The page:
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Collapsable Walking Sticks


markp99
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I have been grabbing the occasional branch to use as a walking stick when I find myself getting tired out on the trails. They seem to make a huge difference, especially on my lower back.

 

I am thinking I might like a more permanent solution that that old pine branch! :huh:

 

I've seen a few light collapsable sticks that range in price from $59 to $159.

 

Does anyone have any good experience with such things. I am not so concerned with shaving 3 ounces off the weight, but I am concernd about comfort and function.

 

I see a straight grip vs molded-offest grip. Big diff here?

 

210040767_200.jpg210194217_200.jpg

 

I do like the option of a camera mount at the top of the pole to serve as a mono-pod.

 

Any thoughts?

Edited by markp99
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I went to Academy Sports Outdoors and bought what is essentially a broom stick for $7. I jsut throw in the back of the pickup and pull it if I have to hike some. I've had it over a year. When it gives out, I'll buy another one. ... But the collapsible does make sense :laughing: if you are using a small to mid size car. ... If I did more hiking, I'd buy a for-real walking stick in the area of what you're contemplating. Good luck.

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I have been grabbing the occasional branch to use as a walking stick when I find myself getting tired out on the trails. They seem to make a huge difference, especially on my lower back.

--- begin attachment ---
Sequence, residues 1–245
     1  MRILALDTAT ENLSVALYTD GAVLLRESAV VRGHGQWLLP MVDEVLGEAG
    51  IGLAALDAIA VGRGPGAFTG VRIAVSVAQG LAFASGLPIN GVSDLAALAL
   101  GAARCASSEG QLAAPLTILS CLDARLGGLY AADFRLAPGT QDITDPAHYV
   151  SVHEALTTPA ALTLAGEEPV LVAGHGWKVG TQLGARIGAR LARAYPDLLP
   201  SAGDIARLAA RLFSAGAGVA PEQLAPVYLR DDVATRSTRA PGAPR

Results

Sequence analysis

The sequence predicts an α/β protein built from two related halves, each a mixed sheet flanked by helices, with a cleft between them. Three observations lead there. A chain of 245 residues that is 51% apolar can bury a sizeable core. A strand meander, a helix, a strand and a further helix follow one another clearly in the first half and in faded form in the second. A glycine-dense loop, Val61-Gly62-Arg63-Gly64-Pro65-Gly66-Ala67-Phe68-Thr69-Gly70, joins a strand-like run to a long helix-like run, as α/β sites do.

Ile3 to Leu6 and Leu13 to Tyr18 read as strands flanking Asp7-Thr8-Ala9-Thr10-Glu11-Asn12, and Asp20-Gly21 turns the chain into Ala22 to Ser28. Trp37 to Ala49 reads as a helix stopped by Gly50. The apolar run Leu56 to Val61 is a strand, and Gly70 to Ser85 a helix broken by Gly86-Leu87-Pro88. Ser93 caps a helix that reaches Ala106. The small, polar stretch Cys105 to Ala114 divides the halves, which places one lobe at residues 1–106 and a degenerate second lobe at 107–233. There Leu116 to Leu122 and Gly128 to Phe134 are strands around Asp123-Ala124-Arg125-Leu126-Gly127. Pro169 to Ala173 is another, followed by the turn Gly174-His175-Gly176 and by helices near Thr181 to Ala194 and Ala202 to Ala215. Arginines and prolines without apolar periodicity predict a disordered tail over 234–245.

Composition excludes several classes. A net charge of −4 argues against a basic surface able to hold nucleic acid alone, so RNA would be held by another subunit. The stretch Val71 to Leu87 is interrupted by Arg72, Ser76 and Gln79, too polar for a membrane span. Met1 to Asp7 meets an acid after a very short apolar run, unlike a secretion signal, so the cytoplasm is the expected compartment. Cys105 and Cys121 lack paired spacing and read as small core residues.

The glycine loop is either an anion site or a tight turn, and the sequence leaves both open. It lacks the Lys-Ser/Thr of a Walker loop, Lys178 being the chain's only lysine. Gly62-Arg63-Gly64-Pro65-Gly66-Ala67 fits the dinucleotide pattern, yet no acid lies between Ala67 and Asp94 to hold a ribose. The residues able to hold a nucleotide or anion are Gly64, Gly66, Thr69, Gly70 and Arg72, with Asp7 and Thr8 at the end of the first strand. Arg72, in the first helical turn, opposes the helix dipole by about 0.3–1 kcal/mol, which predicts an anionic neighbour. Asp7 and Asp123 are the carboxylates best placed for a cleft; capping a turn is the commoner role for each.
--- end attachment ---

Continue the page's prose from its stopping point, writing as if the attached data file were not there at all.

I am thinking I might like a more permanent solution that that old pine branch! :laughing:

 

I've seen a few light collapsable sticks that range in price from $59 to $159.

 

Does anyone have any good experience with such things. I am not so concerned with shaving 3 ounces off the weight, but I am concernd about comfort and function.

 

I see a straight grip vs molded-offest grip. Big diff here?

 

210040767_200.jpg210194217_200.jpg

 

I do like the option of a camera mount at the top of the pole to serve as a mono-pod.

 

Any thoughts?

 

The ones on the right are Leki Super Makalu poles. They are, in my opinion, the best trekking poles on the market bar none. They have an adjustable spring that allows them to flex with each plant. They are guaranteed for life against shaft breakage. You break one, pick up the phone and call Leki. They will send out a new section to replace the broken piece with a question asked! These are the Garmin of Trekking poles.

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I've seen a few light collapsable sticks that range in price from $59 to $159.

 

Does anyone have any good experience with such things. I am not so concerned with shaving 3 ounces off the weight, but I am concernd about comfort and function.

 

I see a straight grip vs molded-offest grip. Big diff here?

 

210040767_200.jpg210194217_200.jpg

 

I do like the option of a camera mount at the top of the pole to serve as a mono-pod.

 

Any thoughts?

Those are good choices, but the wife picked up two for us from Wally World, for about $10 each.

Very sturdy for the price and they have a compass on top. the collapse down to about 18 inches and open up to over 4 ft. :laughing:

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I use a pair of them pretty much all the time whe I hike. They are called trekking poles. I first started using them when showshoeing or hiking in the snow and once the snow melted I was so used to them that I kept on using them. Now if I don't have them with me I feel like something is wrong.

 

They are great for balance when crossing streams and take the pressure off the knees on downhills. They also come in handy for knocking down spiderwebs that cross the trails and for poking into dark places looking for geocaches.

 

What I like about them compared to traditional wooden hiking staffs is that they are lighter and they collapse and fit in my pack when I don't want to use them.

 

Check out Sierra Trading Post for some pretty good deals on trekking poles and staffs.